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Clark flubbed her chance to deflate O. J. 'victory'


Both sides in the O. J. Simpson case have made plenty of mistakes.

But whether she wins or loses (and who's kidding whom about whether Simpson is going to walk), Prosecutor Marcia Clark is not going to look back with much pride on how she handled Mark Fuhrman's invocation of this Fifth Amendment rights on Wednesday.

There is, before we begin, one thing we should keep in mind

about the Fifth Amendment: It is a constitutional right. It is your right, my right, Mark Fuhrman's right and O. J. Simpson's right.

But when a person does invoke the Fifth, that does not prevent people from drawing some pretty serious conclusions, such as: "Gee, if he says he can't answer the question because it might incriminate him, then the answer must be incriminating to him."

We should not think that way.

Many Americans were unfairly pilloried during the Joe McCarthy era by invoking their Fifth Amendment right to not answer questions about their contacts with the Communist Party.

But human beings are human beings. And it never looks good to invoke the Fifth Amendment.

So what did Marcia Clark do wrong?

When Mark Fuhrman invoked his right not to answer a defense question as to whether he had ever planted evidence against O. J. Simpson, Clark asked him no questions of her own.

I would have. Why?

Because Fuhrman was going to take the Fifth against any question asked. That is his best legal strategy.

And if I were Marcia Clark, right after Fuhrman took the Fifth about planting evidence, I would have gotten to my feet and said: "Detective Fuhrman, did you shoot John F. Kennedy on Nov. 22, 1963?"

"I assert my Fifth Amendment privilege," Fuhrman would have replied.

"And did you shoot Abraham Lincoln on April 14, 1865?" I would have asked next.

"I assert my Fifth Amendment privilege," Fuhrman would have replied.

And then I would have sat down.

OK, OK, Judge Lance Ito almost certainly would have stricken both questions and answers from the record since they are irrelevant to the question at hand: Who killed Nicole Brown and Ronald Goldman (remember them?)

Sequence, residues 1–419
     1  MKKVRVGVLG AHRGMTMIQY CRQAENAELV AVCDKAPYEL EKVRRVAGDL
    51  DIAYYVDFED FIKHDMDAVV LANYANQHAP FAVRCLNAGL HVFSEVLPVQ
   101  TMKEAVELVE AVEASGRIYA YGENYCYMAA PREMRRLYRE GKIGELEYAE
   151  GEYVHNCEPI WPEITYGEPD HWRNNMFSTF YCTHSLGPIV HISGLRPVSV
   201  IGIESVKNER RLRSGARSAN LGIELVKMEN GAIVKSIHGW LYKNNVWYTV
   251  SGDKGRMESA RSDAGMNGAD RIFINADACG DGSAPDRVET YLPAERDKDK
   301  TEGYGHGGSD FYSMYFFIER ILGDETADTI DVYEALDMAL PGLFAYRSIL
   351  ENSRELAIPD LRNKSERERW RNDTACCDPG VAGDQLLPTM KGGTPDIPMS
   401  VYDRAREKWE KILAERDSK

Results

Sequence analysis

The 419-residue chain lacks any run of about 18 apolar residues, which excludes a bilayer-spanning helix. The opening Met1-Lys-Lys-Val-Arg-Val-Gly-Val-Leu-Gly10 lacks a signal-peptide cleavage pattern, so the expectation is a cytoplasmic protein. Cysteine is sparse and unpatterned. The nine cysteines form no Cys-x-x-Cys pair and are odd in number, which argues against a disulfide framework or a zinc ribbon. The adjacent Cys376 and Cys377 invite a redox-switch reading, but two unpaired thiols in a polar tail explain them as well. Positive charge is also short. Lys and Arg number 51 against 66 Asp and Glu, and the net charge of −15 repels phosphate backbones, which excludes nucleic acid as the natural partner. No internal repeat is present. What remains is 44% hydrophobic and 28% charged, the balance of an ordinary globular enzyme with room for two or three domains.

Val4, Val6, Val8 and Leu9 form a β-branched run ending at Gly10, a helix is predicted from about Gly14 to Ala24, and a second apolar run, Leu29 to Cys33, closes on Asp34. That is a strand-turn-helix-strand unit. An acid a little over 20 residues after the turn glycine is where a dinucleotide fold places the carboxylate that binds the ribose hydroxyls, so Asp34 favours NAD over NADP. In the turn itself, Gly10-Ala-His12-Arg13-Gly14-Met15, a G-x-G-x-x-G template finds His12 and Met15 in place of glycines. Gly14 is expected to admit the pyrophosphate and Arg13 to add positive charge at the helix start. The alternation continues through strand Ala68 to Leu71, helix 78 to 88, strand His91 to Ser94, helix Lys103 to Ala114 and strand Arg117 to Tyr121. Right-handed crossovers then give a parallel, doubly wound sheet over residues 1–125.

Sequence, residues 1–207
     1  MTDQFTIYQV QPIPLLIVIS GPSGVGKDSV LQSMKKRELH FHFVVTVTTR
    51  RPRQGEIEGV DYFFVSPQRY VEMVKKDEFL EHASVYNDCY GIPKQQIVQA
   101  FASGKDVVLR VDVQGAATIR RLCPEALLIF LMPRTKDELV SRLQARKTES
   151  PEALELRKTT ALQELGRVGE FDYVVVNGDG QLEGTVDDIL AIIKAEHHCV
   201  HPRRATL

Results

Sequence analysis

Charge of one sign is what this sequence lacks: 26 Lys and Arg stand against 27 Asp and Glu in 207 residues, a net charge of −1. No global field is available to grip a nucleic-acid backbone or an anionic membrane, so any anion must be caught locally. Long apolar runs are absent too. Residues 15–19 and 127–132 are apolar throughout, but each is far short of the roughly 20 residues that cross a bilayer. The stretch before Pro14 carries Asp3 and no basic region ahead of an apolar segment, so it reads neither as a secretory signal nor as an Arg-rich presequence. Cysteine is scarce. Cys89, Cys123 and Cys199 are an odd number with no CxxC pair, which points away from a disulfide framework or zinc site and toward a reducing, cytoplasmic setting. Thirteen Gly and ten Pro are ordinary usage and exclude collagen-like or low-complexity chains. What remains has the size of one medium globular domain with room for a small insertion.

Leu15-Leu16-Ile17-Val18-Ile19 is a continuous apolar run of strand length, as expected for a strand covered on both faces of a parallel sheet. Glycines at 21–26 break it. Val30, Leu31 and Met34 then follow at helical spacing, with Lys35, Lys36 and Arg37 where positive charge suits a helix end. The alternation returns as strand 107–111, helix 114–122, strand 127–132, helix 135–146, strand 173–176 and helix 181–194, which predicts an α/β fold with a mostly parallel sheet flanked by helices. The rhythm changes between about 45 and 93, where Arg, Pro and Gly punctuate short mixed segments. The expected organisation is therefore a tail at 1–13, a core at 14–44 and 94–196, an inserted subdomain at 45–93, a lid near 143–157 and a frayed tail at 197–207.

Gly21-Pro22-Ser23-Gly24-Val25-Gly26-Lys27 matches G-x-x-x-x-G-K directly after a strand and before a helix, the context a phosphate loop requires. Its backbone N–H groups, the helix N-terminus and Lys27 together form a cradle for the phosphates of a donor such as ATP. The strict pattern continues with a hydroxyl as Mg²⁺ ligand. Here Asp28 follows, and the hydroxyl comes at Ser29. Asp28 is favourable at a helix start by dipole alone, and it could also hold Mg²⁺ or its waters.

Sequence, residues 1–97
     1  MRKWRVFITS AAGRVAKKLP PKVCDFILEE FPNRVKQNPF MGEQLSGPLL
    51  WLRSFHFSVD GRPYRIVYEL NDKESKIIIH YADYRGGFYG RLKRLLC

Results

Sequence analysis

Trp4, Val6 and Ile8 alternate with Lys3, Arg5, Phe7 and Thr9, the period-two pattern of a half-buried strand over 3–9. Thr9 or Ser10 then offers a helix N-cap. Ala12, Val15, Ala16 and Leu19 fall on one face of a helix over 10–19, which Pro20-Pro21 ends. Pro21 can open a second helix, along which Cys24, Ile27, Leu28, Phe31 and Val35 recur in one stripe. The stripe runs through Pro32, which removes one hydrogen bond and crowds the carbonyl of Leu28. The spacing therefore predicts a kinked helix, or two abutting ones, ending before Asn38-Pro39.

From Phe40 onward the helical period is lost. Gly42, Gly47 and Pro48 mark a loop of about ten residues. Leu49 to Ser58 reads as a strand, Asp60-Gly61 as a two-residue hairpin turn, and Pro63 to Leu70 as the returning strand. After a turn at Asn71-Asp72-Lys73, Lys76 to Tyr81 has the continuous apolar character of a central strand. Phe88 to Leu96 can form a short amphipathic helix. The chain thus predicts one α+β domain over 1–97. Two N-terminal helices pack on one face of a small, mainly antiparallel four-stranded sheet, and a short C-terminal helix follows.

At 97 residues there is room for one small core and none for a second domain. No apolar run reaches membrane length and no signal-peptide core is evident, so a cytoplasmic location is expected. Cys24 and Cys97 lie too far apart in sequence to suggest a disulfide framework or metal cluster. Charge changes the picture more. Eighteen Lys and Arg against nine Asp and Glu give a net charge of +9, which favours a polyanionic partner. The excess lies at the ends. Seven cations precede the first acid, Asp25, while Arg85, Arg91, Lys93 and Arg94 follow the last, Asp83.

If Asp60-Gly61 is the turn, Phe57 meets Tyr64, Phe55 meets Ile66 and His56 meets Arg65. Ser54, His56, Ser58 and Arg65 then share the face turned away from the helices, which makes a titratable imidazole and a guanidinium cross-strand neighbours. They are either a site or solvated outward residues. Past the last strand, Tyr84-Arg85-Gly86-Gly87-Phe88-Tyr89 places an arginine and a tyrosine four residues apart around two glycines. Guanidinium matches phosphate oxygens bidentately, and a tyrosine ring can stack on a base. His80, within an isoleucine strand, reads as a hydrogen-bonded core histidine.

But Clark could have asked the questions. Why bother, especially since Ito ruled yesterday that the jury would never hear Fuhrman take the Fifth anyway?

Because Clark's questions might have prevented the defense team's ridiculous performance after the hearing in which they said that O. J. Simpson had now been proved innocent.

Why were all of us now supposed to decide Simpson did not kill his ex-wife and her acquaintance?

Well, because if the cop who found the bloody glove won't deny he planted the bloody glove, then he must have planted the bloody glove.

That is faulty reasoning (but nationally televised performances often don't place a high value on reason).

But why should Clark care about public opinion? The jury is sequestered, right? They don't see TV. Public opinion doesn't affect them.

Except it does. Both sides have known for months that the family visits and phone calls that Judge Ito has allowed the jurors -- and he had to allow them or they would have rioted by now -- have almost certainly polluted the jury to some extent.

I don't know of a person connected to the case who doesn't believe that this jury doesn't know something about the parts of the trial that have been kept from them.

And so it is very possible that the jurors already know Fuhrman took the Fifth.

It is clear that Mark Fuhrman is a racist, a terrible cop and despicable person.

But he can be all those things and not have planted the bloody glove.

He can be all those things and not have had the opportunity to have planted the bloody glove.

And if Clark had gone to the trouble of deflating the defense's wild assertions of what Fuhrman's lack of testimony "proved," she could have gone a long way in helping the prosecution case. Like the defense, she could have tried to reach the jury through the public.

And don't believe for an instant that these lawyers are playing to the public just out of ego.

They are playing to the public to win.

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